The rabbits came many grandparents ago.

First line, The Rabbits, John Marsden, 1998

The phrase ‘many grandparents ago’ is a brilliant way of defining time for Australian descendants of immigrants. For me, it’s a great opener to an unsettling story.

The Rabbits is a fable about two things multiplying prolifically in this country: rabbits and non-Indigenous people.  John Marsden is cryptically commenting on the coincidence of the human and rabbit population explosion since the arrival of the British in 1788. The illustrator Shaun Tan produced quite disturbing images for the award-winning book destined for older children but for us adults too.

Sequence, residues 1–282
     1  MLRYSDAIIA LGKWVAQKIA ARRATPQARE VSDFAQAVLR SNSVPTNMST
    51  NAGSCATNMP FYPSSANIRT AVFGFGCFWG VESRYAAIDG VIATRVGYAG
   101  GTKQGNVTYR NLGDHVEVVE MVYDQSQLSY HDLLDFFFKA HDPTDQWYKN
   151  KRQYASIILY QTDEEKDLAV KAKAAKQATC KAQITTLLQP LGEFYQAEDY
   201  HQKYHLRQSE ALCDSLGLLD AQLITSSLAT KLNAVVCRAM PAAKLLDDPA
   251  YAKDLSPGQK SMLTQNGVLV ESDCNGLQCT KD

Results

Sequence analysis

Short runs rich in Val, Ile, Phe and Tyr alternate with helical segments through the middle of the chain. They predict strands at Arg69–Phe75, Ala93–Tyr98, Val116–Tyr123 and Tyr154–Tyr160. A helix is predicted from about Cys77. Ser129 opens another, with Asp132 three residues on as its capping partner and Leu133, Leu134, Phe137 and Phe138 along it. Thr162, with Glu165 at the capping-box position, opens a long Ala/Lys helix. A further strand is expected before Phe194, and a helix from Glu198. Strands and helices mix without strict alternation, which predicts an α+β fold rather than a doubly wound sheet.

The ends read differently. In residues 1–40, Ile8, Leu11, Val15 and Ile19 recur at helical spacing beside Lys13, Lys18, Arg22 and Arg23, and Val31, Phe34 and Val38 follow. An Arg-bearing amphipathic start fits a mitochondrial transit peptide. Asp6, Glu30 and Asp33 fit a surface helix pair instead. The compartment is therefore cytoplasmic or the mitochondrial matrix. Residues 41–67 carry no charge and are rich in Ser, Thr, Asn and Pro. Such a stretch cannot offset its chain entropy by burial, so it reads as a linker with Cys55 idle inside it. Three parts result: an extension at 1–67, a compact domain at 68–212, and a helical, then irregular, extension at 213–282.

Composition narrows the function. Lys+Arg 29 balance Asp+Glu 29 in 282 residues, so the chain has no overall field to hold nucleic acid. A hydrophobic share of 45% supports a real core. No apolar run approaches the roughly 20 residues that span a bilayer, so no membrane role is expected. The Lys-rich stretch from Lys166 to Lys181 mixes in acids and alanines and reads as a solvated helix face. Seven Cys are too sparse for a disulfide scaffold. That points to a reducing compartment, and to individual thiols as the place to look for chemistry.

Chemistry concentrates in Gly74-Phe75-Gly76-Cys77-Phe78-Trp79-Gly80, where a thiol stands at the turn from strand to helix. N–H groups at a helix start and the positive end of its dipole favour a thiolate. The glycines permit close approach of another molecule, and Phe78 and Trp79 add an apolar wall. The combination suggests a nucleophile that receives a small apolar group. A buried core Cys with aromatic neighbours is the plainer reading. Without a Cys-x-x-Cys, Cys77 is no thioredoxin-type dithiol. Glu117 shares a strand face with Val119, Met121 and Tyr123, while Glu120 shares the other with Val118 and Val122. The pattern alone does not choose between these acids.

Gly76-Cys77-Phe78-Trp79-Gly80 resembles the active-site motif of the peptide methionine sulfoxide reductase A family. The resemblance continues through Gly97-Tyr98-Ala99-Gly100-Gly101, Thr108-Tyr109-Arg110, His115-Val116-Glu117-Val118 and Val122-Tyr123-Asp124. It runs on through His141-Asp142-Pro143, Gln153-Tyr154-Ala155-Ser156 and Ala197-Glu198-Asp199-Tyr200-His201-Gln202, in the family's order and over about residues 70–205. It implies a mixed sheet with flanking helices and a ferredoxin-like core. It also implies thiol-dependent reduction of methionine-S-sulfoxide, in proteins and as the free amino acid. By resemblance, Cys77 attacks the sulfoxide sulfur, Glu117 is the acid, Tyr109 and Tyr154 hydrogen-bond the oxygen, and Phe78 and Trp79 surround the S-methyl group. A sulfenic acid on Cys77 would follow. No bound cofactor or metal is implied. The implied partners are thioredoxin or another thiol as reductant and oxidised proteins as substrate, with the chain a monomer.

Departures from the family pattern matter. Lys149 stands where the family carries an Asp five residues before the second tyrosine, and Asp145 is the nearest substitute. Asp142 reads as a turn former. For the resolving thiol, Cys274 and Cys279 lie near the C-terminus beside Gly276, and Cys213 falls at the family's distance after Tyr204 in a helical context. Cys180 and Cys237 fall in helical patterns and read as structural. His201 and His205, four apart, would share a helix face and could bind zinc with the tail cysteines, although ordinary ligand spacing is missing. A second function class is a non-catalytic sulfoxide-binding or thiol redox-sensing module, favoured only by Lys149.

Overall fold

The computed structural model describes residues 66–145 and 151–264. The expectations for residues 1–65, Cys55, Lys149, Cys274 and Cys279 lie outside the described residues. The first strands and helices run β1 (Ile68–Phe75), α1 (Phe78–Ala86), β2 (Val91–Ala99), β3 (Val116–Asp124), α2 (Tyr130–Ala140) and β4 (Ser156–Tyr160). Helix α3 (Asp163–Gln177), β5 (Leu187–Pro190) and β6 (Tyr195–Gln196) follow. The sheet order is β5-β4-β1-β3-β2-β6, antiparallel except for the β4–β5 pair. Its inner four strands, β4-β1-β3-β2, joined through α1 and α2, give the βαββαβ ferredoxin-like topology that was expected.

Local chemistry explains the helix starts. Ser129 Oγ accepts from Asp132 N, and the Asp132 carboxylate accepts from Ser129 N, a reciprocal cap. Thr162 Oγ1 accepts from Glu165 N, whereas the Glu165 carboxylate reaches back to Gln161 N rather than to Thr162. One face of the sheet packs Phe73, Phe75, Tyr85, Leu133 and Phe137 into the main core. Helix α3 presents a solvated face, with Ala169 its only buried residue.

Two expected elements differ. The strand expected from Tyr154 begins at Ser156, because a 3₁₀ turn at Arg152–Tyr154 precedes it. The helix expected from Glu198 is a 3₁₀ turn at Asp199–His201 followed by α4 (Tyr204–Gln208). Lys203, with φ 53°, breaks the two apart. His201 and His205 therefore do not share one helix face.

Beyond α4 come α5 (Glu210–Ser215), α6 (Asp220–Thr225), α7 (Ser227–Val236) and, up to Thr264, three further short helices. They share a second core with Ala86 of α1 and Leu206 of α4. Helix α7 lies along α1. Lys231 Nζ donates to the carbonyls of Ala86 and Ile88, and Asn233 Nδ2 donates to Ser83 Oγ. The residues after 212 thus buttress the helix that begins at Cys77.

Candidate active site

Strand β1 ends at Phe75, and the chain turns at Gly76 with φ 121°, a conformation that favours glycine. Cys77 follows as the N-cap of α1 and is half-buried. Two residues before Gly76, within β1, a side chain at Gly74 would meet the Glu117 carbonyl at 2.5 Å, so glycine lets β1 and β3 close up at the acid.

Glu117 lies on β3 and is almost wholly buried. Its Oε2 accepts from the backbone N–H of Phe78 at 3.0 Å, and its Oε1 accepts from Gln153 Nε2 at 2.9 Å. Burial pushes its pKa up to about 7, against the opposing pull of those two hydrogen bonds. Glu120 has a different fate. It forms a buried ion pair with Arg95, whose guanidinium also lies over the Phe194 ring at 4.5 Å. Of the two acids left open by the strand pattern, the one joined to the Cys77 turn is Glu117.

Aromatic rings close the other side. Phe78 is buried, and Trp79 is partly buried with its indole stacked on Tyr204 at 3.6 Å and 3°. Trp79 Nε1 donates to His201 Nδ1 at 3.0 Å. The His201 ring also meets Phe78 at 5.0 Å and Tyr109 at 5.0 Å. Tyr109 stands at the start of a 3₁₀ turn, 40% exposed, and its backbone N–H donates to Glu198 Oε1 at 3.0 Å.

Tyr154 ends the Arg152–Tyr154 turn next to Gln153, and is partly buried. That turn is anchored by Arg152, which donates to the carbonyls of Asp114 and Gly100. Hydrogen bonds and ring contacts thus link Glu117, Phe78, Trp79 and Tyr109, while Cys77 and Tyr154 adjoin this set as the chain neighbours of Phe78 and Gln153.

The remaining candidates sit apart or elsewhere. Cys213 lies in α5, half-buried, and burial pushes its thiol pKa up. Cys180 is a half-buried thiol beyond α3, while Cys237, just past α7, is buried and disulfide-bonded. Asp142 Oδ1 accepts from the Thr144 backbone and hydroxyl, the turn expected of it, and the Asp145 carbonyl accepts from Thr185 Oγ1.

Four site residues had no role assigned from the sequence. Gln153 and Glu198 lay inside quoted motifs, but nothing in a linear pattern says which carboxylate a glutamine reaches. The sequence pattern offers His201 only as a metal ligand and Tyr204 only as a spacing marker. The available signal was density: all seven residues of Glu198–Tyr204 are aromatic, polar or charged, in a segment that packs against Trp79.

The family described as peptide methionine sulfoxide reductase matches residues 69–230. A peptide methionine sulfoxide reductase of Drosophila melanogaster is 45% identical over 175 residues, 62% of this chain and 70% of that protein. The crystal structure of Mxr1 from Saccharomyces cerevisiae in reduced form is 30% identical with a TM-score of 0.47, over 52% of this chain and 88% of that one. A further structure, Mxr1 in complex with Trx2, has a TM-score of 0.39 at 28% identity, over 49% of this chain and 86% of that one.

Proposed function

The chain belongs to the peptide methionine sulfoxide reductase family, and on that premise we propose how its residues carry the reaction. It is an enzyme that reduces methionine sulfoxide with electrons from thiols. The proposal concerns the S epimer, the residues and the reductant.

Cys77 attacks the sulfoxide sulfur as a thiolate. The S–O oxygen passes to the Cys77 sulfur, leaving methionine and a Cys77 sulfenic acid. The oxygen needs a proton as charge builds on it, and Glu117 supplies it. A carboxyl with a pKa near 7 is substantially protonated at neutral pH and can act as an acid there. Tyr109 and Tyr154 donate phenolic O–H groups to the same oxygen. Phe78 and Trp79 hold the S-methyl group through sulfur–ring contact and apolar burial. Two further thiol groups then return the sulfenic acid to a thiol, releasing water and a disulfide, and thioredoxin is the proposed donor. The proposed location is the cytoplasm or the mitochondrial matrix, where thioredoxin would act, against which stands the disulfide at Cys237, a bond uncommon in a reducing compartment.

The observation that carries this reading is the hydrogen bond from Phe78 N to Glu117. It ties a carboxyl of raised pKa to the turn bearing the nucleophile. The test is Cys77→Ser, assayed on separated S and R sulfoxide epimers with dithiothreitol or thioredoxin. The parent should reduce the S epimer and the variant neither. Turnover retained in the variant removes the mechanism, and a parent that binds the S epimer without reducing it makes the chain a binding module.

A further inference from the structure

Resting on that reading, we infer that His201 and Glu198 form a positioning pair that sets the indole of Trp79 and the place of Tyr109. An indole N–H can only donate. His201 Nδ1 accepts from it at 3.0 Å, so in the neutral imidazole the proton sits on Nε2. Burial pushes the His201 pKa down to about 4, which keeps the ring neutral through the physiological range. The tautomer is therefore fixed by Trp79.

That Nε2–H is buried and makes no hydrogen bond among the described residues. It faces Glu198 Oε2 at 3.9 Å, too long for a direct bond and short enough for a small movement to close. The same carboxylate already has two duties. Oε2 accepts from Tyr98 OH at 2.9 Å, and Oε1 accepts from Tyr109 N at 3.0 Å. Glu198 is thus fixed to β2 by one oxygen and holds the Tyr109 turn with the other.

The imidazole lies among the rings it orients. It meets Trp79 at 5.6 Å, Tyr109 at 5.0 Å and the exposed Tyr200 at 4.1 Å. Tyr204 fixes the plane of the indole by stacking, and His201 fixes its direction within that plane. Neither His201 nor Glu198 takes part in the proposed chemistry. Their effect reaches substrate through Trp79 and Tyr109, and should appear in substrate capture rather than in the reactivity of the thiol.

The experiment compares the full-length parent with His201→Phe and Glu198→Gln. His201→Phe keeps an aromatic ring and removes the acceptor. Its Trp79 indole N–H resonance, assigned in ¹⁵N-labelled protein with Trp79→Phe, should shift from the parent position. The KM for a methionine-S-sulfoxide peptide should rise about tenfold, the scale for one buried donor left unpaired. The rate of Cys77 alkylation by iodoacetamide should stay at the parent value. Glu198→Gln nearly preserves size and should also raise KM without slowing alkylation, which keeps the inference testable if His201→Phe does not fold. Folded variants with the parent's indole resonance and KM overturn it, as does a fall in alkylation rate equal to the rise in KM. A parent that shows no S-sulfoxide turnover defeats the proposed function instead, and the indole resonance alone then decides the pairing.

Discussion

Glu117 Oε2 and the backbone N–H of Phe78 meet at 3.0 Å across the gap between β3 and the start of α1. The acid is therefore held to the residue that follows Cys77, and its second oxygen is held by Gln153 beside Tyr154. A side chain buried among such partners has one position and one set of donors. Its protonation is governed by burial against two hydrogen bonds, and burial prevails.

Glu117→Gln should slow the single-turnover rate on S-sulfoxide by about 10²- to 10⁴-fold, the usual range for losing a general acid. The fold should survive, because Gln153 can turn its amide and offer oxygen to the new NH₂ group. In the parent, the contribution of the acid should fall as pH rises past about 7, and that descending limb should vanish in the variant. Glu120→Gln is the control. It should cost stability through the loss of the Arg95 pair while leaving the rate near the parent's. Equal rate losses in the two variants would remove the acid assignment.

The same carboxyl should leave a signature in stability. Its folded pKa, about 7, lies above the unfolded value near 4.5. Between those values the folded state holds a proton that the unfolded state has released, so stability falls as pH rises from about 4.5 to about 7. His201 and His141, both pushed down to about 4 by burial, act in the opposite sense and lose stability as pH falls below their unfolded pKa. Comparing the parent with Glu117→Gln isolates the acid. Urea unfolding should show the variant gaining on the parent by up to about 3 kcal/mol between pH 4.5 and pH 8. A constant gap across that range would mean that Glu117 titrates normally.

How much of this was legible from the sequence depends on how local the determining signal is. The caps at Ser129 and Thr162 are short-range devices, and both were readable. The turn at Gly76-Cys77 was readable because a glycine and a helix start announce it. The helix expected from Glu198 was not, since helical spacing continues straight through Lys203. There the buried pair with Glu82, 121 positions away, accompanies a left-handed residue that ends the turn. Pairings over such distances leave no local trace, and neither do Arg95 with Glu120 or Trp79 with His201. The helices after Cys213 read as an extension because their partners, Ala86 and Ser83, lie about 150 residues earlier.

This week, I read two conflicting things. I read The Rabbits with my adult student who has come here from across the seas, and explained to her the problem caused by introducing these cute fluffy creatures into Australia. And also this week I read this advertisement near my house:

Are they serious?

Rabbits near Lake Burley Griffin shoreline
Rabbits near the underpass of Commonwealth Avenue Bridge, Canberra
Rabbits near underpass of Commonwealth Avenue Bridge, Canberra

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46 Great Opening Lines: 36 46 Great Opening Lines: 34

    1. Funny you should say that. Have you seen the illustrated book? The Aboriginals are depicted as possums and the British as rabbits.

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